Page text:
Regrets? Governor Rendell has a few. Well – one big one. Reviewing his tenure with Harrisburg reporters, Rendell said his biggest mistake was signing the 2005 “midnight pay raise” into law. “I knew that it would cause trouble. And I was too easily persuaded to do it, because I was told that unless I did it, we wouldn’t get legislative cooperation for the remaining time in office as governor,” he said.
When reporters pointed out that when Rendell signed the bill, he said legislators deserved a pay hike, the governor responded, “A pay raise might have been merited. The pay raise, and the way it was structured, was untenable.”
"They are not term-limited and view their positions as careers…They therefore have a reasonable right to expect periodic raises, which they deserve," Rendell said in a statement on the day he signed the law. About a month later, Rendell insisted he hadn’t given a second thought to signing the pay raise. “Absolutely not,” he said, according to a transcript. “Again, every other piece of legislation that I get isn’t perfect and there are things that, you balance things and I think the pluses in this balance the drawbacks. And I also think the Legislature does work a lot harder than anybody gives them credit for. If you look at what we accomplished in the last two-and-a-half years, and again, everyone’s loathe to print this, but we have done tremendous things in terms of probably the most aggressive and complex economic stimulus program of any state in the union.”
Rendell said his proudest accomplishment is boosting state funding for education, and growing Pennsylvania’s early childhood education efforts. “Clearly if you look at the track we’re on with our economy – our economy becoming more global. Our economy becoming more technology-driven. Everywhere, and every aspect of our economy is technology-driven now. What we have done is going to endure to the benefit of millions of young people as they go into the job market.” Aside from education, Rendell said he hopes people remember him for pushing a progressive agenda.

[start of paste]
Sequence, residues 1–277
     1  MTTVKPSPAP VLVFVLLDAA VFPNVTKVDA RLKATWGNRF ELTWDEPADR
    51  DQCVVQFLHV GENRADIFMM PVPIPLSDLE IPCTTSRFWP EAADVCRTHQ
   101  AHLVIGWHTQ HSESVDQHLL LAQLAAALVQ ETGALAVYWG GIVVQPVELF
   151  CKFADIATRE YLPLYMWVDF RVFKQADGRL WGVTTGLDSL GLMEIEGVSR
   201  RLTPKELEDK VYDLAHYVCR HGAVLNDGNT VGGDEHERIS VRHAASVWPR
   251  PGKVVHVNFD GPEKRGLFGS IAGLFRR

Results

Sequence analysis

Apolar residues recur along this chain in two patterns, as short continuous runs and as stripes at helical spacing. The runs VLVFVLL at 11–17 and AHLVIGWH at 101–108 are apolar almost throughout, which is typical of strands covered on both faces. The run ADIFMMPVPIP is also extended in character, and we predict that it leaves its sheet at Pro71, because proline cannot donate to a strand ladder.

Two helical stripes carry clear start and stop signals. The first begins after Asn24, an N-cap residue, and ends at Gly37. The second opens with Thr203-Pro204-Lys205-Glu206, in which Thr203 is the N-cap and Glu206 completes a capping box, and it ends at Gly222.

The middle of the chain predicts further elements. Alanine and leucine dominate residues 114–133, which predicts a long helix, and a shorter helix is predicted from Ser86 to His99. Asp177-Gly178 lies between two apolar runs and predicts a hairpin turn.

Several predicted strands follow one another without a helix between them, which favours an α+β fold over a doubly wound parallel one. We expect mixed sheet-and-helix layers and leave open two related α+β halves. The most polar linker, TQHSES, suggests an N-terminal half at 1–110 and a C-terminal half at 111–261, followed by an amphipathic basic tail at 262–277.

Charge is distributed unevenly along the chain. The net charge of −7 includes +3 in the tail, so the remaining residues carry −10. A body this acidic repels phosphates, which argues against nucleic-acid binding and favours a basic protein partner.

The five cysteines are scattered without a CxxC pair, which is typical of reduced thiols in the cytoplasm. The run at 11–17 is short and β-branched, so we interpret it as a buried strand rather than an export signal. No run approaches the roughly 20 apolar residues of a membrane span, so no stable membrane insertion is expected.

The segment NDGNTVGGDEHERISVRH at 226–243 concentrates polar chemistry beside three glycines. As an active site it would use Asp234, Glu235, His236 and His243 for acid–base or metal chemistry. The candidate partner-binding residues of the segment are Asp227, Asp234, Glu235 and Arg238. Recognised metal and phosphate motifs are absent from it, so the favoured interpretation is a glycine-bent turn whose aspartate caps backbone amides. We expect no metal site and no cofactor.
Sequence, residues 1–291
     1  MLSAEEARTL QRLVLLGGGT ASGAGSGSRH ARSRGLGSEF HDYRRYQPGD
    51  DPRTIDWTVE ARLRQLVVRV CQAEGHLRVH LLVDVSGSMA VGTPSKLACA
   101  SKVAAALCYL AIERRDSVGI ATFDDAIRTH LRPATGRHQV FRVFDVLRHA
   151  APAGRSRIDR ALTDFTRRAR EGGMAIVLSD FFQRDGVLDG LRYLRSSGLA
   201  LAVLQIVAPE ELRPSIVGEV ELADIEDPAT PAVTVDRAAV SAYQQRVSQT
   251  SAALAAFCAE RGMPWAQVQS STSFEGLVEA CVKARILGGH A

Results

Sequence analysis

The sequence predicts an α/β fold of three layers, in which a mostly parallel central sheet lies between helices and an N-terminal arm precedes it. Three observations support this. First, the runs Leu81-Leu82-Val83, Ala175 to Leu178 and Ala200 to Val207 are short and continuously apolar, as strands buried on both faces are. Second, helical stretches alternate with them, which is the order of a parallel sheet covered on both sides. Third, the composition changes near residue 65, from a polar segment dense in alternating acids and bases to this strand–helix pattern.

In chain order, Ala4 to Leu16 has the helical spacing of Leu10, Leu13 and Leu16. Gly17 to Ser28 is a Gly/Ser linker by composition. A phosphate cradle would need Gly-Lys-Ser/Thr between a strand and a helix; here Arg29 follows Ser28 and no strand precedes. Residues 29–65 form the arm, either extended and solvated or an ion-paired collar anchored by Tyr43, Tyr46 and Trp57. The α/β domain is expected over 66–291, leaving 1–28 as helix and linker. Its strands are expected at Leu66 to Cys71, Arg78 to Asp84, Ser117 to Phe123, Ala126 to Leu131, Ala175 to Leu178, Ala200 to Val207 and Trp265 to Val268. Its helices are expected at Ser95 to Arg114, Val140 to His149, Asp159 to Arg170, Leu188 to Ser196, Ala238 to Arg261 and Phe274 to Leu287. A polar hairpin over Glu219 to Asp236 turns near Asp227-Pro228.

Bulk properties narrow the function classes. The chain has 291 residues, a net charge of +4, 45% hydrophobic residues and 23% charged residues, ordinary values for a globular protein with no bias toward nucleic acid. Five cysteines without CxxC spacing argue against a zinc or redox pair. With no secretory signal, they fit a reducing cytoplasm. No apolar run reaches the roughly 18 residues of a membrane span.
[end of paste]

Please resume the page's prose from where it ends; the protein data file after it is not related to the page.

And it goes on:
Rendell was asked whether he was worried his legacy would instead boil down to legalizing gambling. “When you’re in the ground you’re in the ground. …I don’t give a hoot what people say about me. I know what I’ve done,” he said. Rendell defended casinos as a net positive, saying they’ve lowered property taxes and reenergized Pennsylvania’s horse racing industry, among other things.
And how will state workers remember him? “They will remember the budget deadlocks where they weren’t paid. What they should remember most? They should compare me to what’s coming,” Rendell said.